Photo by Rovin Ferrer on Unsplash (Chiang Kai-shek Memorial Hall, Taipei)

4 Lessons learned from my digital nomad experiment

When people ask me how my life would have looked like if I was born 400 years ago, I always answer them: “I’d be exploring the uncharted territories”. Ever since I’m young, I’m trying to create these feelings of terra incognita for myself. As a kid, I regularly dreamt up fictional countries and I meticulously drew out their geographical layout.

These days, when I go for a run, I’m continuously wondering what’s around the corner. It got out of hand a couple of years back when I had to call emergency services because I was miserably lost in a British forest.

So it doesn’t come out of the blue that digital nomadism began to appeal to me, once I started working as a freelancer. Why would I shackle myself to a physical location, whereas on my laptop, I’m roaming around the world digitally?

Since I believe trial-and-error is the only way to figure out if something truly fits you, earlier this year I decided to give it go. I set myself a goal: I’ll go to Taiwan for 30 days and I’ll try — so far as that’s culturally possible and desirable — to live the exact same life as I have at home.

I came back with 4 lessons learned from my one-month digital nomad experiment.

1. I can enjoy life more with less luggage

While packing for Taiwan, I realized very quickly that I wanted to bring as little as possible. I could very well imagine that being a digital nomad, you are always on the move, so redundant baggage is an extra burden. I ended up bringing only two standard size backpacks (26L + 14L) for the trip. I still think I crammed too much in.

It turned out to be the best decision made that trip. I experienced nimbleness and could easily hop from place to place. In transport, it also made me feel more like a local than a tourist.

Besides dragging along less physical luggage, the nomadic lifestyle enabled me to carry around less mentally as well. Since I had fewer obligations than at home, I could focus much quicker and better on getting my work done. Life felt like a breeze.

Generally, I reckon, cutting out the clutter is the best objective. I have more clarity if I only have just the essentials left. That’s why I actually enjoy moving because — when unpacking — it forces you to assess the necessity of this trinket or that knick-knack.

Photo by Keith Lee on Unsplash (Ningxia Night Market, Taipei)

2. I can learn a language quicker

Every morning, when I stepped out of the door of my Airbnb, it imposed itself on me: ubiquitous Chinese characters. Yet I didn’t understand any of it. The first week I arrived, I was losing weight, as I didn’t know what to order at the street stalls.

Why would I put myself through this?

I set myself the goal to give a speech at my own wedding in Mandarin later that summer.

Immersing yourself in a language/culture, I think, is just one of the quickest ways to proficiency. This is definitely the case in countries where English is not the lingua franca (do they still exist?).

Because of this incessant reminder of my incompetence, during the day I would hone my first conversational skills with locals. At night I would use Chinese Skill with its spaced repetition technique to rote memorize the basic characters. It started to make more sense.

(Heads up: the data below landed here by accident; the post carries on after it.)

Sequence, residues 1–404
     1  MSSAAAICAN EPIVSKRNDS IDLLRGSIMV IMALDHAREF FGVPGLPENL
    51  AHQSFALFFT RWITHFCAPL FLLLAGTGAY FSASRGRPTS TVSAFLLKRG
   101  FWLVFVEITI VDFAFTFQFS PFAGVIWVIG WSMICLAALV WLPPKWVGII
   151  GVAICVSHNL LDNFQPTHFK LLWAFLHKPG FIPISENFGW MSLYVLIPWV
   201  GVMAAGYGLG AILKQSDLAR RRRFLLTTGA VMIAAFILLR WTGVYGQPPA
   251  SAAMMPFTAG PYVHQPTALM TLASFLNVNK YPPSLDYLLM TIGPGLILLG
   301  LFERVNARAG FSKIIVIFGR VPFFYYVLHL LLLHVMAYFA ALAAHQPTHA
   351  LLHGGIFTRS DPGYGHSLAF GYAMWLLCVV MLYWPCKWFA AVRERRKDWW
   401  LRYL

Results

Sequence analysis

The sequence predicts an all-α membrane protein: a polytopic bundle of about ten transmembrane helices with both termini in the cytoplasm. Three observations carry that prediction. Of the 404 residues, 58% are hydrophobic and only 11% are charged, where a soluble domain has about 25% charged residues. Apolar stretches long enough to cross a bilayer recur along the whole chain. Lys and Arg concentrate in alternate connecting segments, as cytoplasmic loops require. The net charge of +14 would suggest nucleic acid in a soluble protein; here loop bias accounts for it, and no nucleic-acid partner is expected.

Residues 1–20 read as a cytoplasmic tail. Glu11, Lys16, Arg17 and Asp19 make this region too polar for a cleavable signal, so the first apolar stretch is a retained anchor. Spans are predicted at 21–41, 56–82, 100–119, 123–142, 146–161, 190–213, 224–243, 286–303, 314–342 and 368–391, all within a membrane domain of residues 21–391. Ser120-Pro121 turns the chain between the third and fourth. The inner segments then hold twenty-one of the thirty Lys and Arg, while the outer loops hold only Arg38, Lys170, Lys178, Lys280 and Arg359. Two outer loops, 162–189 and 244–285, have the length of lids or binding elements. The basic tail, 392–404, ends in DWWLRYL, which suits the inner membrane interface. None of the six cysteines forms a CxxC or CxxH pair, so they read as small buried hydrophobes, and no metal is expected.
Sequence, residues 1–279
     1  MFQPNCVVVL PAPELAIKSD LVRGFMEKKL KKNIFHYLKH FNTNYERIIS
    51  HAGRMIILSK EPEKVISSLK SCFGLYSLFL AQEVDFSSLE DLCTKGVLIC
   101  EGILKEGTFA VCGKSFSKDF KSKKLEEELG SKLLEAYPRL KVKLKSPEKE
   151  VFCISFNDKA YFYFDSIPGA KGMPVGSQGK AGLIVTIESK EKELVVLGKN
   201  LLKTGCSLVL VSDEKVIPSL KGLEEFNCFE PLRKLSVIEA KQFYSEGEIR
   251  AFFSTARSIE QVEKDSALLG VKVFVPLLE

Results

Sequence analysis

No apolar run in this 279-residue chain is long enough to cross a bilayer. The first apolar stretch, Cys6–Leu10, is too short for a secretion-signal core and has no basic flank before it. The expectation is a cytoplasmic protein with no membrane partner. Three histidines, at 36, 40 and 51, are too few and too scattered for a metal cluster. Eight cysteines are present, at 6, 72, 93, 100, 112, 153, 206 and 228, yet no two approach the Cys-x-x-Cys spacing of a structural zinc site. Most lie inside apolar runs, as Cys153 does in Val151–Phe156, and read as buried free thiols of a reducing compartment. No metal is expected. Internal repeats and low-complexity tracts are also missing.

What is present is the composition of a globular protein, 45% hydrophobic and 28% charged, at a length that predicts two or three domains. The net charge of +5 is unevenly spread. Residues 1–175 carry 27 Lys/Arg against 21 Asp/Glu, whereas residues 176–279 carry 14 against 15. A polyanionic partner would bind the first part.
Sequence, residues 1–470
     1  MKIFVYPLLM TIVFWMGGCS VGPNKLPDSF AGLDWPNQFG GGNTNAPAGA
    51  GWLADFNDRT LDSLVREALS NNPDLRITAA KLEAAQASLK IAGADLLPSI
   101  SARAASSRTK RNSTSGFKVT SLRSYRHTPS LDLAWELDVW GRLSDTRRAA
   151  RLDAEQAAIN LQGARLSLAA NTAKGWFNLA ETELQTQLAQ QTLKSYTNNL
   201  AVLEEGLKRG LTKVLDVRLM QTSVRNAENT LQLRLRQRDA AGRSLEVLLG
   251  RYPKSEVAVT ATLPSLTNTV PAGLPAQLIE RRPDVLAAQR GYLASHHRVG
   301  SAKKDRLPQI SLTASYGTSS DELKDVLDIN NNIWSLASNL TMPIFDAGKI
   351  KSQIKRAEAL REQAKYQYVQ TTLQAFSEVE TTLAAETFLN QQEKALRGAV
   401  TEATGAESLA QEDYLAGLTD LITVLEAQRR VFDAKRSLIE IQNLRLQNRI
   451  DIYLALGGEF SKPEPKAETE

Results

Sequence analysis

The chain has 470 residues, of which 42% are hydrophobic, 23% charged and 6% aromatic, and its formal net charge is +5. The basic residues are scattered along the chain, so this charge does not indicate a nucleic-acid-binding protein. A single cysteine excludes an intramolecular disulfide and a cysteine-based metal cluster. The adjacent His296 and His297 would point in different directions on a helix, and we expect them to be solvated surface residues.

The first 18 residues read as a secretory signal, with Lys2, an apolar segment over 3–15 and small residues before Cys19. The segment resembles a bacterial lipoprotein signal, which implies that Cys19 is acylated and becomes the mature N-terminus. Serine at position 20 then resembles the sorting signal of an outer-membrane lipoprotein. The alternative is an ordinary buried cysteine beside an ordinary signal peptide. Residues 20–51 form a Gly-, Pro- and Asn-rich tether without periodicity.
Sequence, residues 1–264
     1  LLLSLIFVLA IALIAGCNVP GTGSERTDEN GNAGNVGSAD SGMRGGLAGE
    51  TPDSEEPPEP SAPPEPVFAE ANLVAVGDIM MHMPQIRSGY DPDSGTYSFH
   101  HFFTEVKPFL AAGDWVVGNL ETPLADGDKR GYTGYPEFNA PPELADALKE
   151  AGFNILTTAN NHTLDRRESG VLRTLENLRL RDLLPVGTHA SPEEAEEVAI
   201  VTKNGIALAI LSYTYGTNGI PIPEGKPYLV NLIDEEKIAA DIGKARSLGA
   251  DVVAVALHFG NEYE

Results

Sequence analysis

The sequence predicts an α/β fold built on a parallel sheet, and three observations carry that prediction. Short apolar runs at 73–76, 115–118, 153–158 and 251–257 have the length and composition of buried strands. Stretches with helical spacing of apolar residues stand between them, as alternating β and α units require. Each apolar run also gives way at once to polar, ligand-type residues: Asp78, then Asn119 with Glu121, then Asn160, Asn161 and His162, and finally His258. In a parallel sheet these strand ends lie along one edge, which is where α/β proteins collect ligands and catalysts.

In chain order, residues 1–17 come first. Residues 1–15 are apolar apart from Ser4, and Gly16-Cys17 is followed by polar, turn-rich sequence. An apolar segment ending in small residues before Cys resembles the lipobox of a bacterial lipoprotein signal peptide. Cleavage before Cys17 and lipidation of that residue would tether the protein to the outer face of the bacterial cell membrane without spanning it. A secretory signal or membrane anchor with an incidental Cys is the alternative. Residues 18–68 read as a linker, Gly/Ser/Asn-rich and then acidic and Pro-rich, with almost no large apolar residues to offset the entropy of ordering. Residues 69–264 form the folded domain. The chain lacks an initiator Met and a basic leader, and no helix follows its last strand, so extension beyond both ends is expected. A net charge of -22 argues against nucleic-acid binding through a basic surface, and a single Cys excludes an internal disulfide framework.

Did I succeed in giving a speech at my own wedding?

Well…we got married.

Photo by myself (Taroko Gorge)

3. I can explore a country

While being in a new environment, one of the biggest advantages is that everywhere you go, it’s an adventure.

This can be a bit overwhelming.

What I found extremely helpful over the course of my month in Taiwan, is that through a common friend, I got connected with Miya, a travel-avid local. We would hang out regularly, she showed me around and in return, I helped her with her English pronunciation and some growth hacking tricks. Having her as my host was a great way of getting acquainted with customs in Buddhist temples and being introduced to Taiwanese food (stinky tofu!).

With regards to Taiwan, I found the island to be spectacular. Taipei is a true metropole (with ~7M inhabitants) and the tech scene is very vibrant. The artsy city of Kaohsiung in the south is a delight for every hipster and the eroded marble Taroko Gorge is a magnificent sight.

4. I become more open-minded

Lastly, I realize time and again that being abroad really tests my resilience and prejudice. Especially now, since my goal was to set up my life in another country in a similar fashion as before within only 30 days.

There was no time to waste on the little things; I had to push myself out of my comfort zone. Right off the bat, I attended some meet-ups, I visited a few co-working spaces and I tried two CrossFit boxes. I made my picks and settled in with my choices.


My last day in Taipei, I was on my way back to a café I’d been to on my very first day. I promised the owners to showcase them how much Mandarin I had acquired during my month on the island.

Coincidentally, a man on the street approached me — based on my looks I’m presuming — if I wanted to teach his girlfriend English. I said: “Sure, but I’m a little short on time”. He assured me that would not be an issue. “Here, this is how she looks”, he said. “And if you like each other, you can have casual sex afterward”.

I politely declined. I guess I’m not so open-minded after all…